Mark Dreizig (Part Two)
I made maybe half a mile before I realized I was being followed. At first it was just that prickly "watched" feeling on the back of my neck. Then I heard the snap of a large twig, loud and clear. I spun around.
Nothing back there. At least, nothing I could see.
I picked up the pace. The oak trees were thinning out as I reached the east end of the woods, and the underbrush getting thicker and thornier, so I moved up slope. Something large crashed through the bushes somewhere behind and below me. I dove behind a tree and looked back.
Nothing, again. But two hundred yards off, maybe, there was a break in the underbrush I didn't remember seeing before.
I scrambled to my feet and headed further up the slope. The pitch was steeper here, with occasional little limestone outcroppings. The oaks had completely given way to dried-out grass, loose gravel, and sumacs. The going was tough, but I figured that had to work both ways.
It did. I heard metal skitter off loose rock. Spun around quick enough to catch a glimpse of the thing as it momentarily lost its footing and slid sideways a few feet.
Then mechanical claws dug into the dry dirt, and it froze still. And vanished.
That did it. Whatever control I'd found when Bobby got killed, I lost it completely now. I screamed. Turned around. Lit out across the hillside as fast as I could scramble. Lost my footing and tumbled twenty feet down the slope. Caught my boot on a naked root; went sprawling and flailing face-first into the dust and gravel. Found my rifle again and clawed my way back up the slope with my bare hands, screaming the whole while. I guess that's when the 'bot decided there was no point staying invisible any longer. I heard a clacking of metal pincers, then heavy mechanical feet thudding towards me, and looked up in time to see a glittery stream of red-hot light come spitting out from a little dome on the near end of the body—
And miss me. Completely. By a good three feet, at least. A bush somewhere behind me whuffed! into flame. The robot kept charging forward. I could clearly see some sort of skeletal metal arms unfolding from the underside of the body, reaching for me with bony gray metal claw-fingers...
And then the 'bot hit a patch of loose gravel, lost its footing, overbalanced and pitched sideways, and just exactly like a big fat spider, rolled all its legs into a tight ball and went bouncing end over end all the way down the slope, to land with a crash in the scrub willows far below.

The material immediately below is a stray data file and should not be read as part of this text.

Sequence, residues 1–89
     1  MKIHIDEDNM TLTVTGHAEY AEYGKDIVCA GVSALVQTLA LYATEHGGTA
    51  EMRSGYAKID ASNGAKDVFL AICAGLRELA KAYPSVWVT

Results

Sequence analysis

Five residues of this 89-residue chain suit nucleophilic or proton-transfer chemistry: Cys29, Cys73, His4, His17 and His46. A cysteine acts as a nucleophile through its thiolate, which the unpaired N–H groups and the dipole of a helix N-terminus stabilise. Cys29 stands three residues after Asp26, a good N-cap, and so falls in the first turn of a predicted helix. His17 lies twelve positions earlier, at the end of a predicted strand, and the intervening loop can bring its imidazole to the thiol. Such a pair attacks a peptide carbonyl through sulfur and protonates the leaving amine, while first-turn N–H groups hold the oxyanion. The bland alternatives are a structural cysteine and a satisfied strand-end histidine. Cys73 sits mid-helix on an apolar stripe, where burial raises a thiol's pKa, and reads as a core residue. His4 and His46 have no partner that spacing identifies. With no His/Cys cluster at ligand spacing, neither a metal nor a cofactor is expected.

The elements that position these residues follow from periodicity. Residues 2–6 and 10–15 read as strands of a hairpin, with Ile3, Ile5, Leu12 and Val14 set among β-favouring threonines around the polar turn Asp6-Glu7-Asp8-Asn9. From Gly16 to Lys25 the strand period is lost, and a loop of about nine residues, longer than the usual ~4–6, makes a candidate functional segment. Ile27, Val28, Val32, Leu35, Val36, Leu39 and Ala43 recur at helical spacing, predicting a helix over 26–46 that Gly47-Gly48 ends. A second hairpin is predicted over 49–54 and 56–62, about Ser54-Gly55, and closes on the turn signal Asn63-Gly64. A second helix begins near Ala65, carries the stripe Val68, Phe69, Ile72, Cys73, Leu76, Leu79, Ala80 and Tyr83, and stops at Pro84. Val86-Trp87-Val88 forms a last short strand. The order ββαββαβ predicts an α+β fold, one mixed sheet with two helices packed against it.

For a minute, I dared to have half a hope—
Then, from the tangle, one slender leg extended. And another. And a third, and a fourth. And then the 'bot sprouted arms and cutters, and began working on righting and freeing itself.
I dropped my rifle and went straight up the side of the bluff. Didn't even slow down for the 20-foot sheer limestone outcropping at the top. Was up and over that like a monkey, hit the grassy tableland at a run, and was still running and screaming my lungs out when Old Man Dreizig tackled me, hog-tied me, and threw me into the back of his 4x4 pickup truck.
A splash of cold water hit me in the face, and brought me back to—
A kitchen, in an incredibly dirt-poor rathole of a farmhouse. The stove looked like it hadn't been used, much less cleaned, in fifteen years. There were a couple of bulging old tin cans with labels peeling off sitting on the shelf; a set of rust-and-cast-iron skillets hanging on big hooks over the stove. I was sitting, awkward, on a splintery old bentwood chair. I tried to move. My wrists were tied together behind the back of the chair, and then tied tight to my ankles.
Old Man Dreizig stepped into view, holding a dripping bucket. "Now, let's try this again," he said. "Who are you?"
"Jerry Olafson," I said. "From Bagley." I blinked, and shuddered. No, this can't be real. None of this is real. In another minute Mom is gonna wake me for school and even have real bacon for breakfast...
"I knew your father," Dreizig said, nodding. Now that I finally had a clear look at him, he was even more old, scarred, and ugly than I'd ever heard. Boy, I'm glad this is a dream!
"And you were out poaching with an illegal gun," Dreizig said, "but something scared you, and you dropped it and ran."
Huh? I didn't know my nightmares shared news with each other...
Dreizig smiled, took a drink from the bucket and set it down, and then laid a heavy, gnarled hand on my shoulder. "Now, tell me again about this dead boy you think you saw."
Omigod, it's not a dream! And it's still out there! BOBBY! I fought and bucked against the ropes like a wild bronco. A joint in the wood chair parted with a splintery crack.
The smile vanished. Old Man Dreizig grabbed my shoulders with a grip like a pair of steel clamps and lifted both me and the chair clean off the floor. "What did you see out there?"
Somehow I found a shred of wits to hang onto. I blurted out the story, short and clear and as best I could. The telling calmed me, a little.
Gently, Dreizig set me back down on the floor and put his left hand to his jagged chin. "Oh, dear." Then, just like that, he turned on me, the expression in his dark eyes all cold and unreadable but the tone of his voice like the very Anger of God. "You little idiot! Do you have any idea..." His left hand shot forward, the pointed index finger hitting me in the chest like a bar of iron, pinning me to the chair. "Describe the machine again! Every detail!"